Did you know any girl born in the U.S. in the year 2000 or later has a 50/50 chance of living to be 100 years old, according to experts?  Or that the average U.S. life expectancy has climbed from 47 to 76 over the past century?  Or that more than 25% of the U.S. population will be 65 years of age or older in just the next few decades?

These are the kinds of statistics that fascinate Bill Morton, a Seattle-area author and consultant who specializes in advising people on how to prosper and accomplish great things during the “second half” of their lives.  Bill, whom I met in  passing years ago, is one of the leading voices out there warning both individuals and organizations that our country is going to change, dramatically, when the bulk of the Baby Boom generation reaches retirement age — and that this “age revolution” is going to have an impact every bit as large as the technology or industrial revolutions of the past.  As a result, he’s written a book designed to give people a glimpse into the future to come, as well as to inspire older Americans to start thinking ahead about all of the great ways they can invest their later years as the traditional idea of “retirement” continues to melt away.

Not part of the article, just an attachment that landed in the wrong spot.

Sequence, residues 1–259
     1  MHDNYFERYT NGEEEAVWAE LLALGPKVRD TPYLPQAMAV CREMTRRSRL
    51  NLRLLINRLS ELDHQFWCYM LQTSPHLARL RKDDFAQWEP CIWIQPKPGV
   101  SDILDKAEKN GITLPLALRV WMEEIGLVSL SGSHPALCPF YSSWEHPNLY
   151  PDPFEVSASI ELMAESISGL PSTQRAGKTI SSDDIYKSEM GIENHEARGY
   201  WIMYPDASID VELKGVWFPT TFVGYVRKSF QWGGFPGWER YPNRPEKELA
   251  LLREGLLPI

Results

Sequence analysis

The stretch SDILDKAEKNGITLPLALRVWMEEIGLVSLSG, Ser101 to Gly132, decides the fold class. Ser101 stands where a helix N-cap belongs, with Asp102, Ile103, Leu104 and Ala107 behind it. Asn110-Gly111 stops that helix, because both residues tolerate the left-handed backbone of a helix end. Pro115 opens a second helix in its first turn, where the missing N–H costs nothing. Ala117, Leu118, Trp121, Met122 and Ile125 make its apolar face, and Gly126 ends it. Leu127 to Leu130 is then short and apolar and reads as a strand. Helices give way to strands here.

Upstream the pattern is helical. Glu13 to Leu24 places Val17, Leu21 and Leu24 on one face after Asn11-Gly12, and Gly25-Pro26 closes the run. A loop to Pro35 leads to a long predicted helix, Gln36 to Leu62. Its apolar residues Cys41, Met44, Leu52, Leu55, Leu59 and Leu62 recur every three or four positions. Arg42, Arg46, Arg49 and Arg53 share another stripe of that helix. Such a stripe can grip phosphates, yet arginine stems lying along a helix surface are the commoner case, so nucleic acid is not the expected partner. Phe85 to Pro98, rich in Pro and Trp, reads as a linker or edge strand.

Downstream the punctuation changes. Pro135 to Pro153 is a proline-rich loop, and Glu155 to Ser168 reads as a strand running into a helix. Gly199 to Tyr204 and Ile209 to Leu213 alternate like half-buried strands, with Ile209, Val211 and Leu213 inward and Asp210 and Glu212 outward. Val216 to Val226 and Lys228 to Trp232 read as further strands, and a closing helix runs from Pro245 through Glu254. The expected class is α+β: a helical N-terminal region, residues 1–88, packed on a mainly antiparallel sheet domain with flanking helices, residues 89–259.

Is his book a successful one?  I’d say yes, without hesitation.  It’s set up in a very interesting way, built around a hodge-podge of short essays on various age-related topics, interspersed with numerous checklists on topics ranging from “60+ great ways to fill up your bonus years” to “15 bargain countries in which to spend a winter” and “11 myths about older workers in the workplace.”  As a result, you’re never bored.  Bill treats you to one fascinating insight after another, and if you put the book down for a while and come back later, you can pick up right where you left off without missing a beat.  There’s even a collection of great quotes that relate to “aging and dying well” and a massive appendix of books and movies that can help a person get energized and inspired about the second half of  life.

Is “2H: The Official Second Half of Life Handbook” a career book, per se?  Perhaps not.  But there’s more than enough meat in the book related to working in one’s older years that I felt it was eminently worthy of featuring in this blog.  Bill even goes on to make some shrewd predictions about how the consumer marketplace is going to change in the decades to come, based on population demographics, and these insights (e.g. the growing demand for senior-friendly furniture, higher-end beds and sleep systems, home delivery services, etc.) might offer some useful clues for those of you thinking about changing careers and who want to tap into some high-growth industry segments in the next 5-10 years to come.

One way or another, we’re all (hopefully!) going to need to do some deep thinking about the issues Bill raises, one day, so it’s great to know that we have this handy reference available — as well as a trusted sherpa — to help guide the way!